The Minnesota Department of Agriculture (MDA) has confirmed the first emerald ash borer (EAB) detection in Woodbury. EAB larvae kill ash trees by tunneling under the bark and feeding on the part of the tree that moves nutrients up and down the trunk.
It was first found in Minnesota in 2009. Since that the time, the MDA quarantined 13 counties in the state, including Washington County, to prevent the spread of EAB. A quarantine prohibits the movement of potentially infested items such as ash limbs, branches, and logs out of those counties, reducing the risk of further spreading the tree-killing insect. The invasive insect has now killed tens of millions of ash trees in 30 states.
The Woodbury Forestry Division began implementing various EAB management practices since the pest was first detected in Minnesota. This includes inspecting hundreds of ash trees on public land, removing low priority ash trees in parks and in boulevard areas, and planting replacement trees on public land where appropriate.
Residents may be tempted to take firewood from within Woodbury and transport it to cabins and camp sites outside the quarantine. The city wants to stress that firewood should not be moved.
The infestation was discovered by a private tree service employee in the parking lot of the Woodbury movie theater. The city notified the MDA of a possible EAB infestation and staff were able to verify the infested trees.
What can residents do?
Residents are encouraged to take steps to mitigate the effects of the expected tree loss across the city as well as be on the lookout for signs and symptoms of EAB infestation. Here are some tips:
- Determine if you have ash trees on your property. Look for signs of EAB damage, which include dieback of leaves in the upper one-third of the tree's branches, heavy woodpecker activity, bark splitting, S-shaped larvae tunnels under the bark, or a significant amount of water sprouts on the trunk. If you suspect an EAB infestation, first review the links available on the city's website, and then discuss removal or treatment options with a certified tree care company.
- DO NOT plant new ash trees.
- Consider removal of declining or small ash trees on your property now, especially if they are small enough to do the removal yourself. This may save on the cost of removal in the future. Keep in mind that most trees will require a professional to remove.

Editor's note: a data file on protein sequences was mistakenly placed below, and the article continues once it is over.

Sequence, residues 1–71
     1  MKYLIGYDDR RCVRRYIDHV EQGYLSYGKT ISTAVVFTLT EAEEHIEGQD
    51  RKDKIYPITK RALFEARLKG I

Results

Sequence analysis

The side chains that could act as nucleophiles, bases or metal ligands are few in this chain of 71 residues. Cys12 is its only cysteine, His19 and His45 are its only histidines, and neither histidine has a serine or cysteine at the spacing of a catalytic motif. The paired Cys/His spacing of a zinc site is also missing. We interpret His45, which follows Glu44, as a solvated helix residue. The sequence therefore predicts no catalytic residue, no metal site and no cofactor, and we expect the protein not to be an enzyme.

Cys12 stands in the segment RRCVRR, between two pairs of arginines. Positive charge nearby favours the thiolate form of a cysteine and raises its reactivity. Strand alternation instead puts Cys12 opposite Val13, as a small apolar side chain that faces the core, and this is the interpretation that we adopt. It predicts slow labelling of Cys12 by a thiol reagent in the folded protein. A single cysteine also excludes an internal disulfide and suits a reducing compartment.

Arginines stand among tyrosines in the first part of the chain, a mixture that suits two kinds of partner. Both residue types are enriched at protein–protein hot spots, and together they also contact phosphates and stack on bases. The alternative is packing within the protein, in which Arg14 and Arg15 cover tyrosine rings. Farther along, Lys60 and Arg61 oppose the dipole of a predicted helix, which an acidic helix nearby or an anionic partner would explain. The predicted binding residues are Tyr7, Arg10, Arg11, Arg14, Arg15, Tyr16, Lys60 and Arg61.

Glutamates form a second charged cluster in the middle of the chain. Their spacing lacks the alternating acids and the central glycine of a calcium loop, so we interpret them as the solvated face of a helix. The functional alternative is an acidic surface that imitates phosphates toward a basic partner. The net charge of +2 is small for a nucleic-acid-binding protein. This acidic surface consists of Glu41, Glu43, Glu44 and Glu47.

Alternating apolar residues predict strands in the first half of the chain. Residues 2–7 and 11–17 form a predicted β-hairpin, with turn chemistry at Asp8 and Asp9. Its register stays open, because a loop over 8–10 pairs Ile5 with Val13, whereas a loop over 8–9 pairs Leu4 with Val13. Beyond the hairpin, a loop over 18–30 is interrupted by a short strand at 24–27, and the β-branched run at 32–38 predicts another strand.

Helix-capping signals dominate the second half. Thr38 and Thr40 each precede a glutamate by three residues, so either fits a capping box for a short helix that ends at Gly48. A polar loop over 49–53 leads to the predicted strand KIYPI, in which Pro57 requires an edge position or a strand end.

To prevent the accelerated spread of adult beetles, the MDA guidelines recommend pruning and removal of ash during the months of October through April when the EAB is dormant. If possible, avoid pruning and removal of ash trees during the months of May through September, when the EAB is active.
- Trees can be disposed of at the Woodbury compost site; disposal fees are charged. Call Composting Concepts at (651) 769-0531 for more information. Tree removal companies usually will dispose of the tree for you. In order to prevent the spread of EAB, all ash wood should be properly destroyed within Woodbury.
- Early detection and preventive treatments with approved insecticides can prolong the life of an ash tree. Tree contractors with pesticide applicators licenses should be consulted to discuss treatment options. Before deciding to treat your tree, educate yourself about the pros and cons of these chemicals. The city recommends the trunk injection application method; the soil drench application method has a higher risk for unwanted environmental effects. Keep in mind that there is no “cure” for EAB infestation and insecticide treatments will be needed every one to three years, depending on the chemical used. Hire a certified arborist with a pesticide applicator’s license to perform these treatments.
- Do not remove or treat ash trees in the public right-of-way near the street (boulevard trees), as these may be managed by the city in some areas. Woodbury Heights, Park Hills and Royal Oaks are the neighborhoods where boulevard trees are most likely city trees. Call the Public Works Department at (651) 714-3720 if you have questions.
The city is planning a public meeting about managing EAB in spring 2018. Details will be announced in the City Update newsletter, on the city’s website, via the city’s InTouch email notification system, through the city’s cable TV programming and on the city’s social media accounts.
Much more information about EAB is available on the MDA website.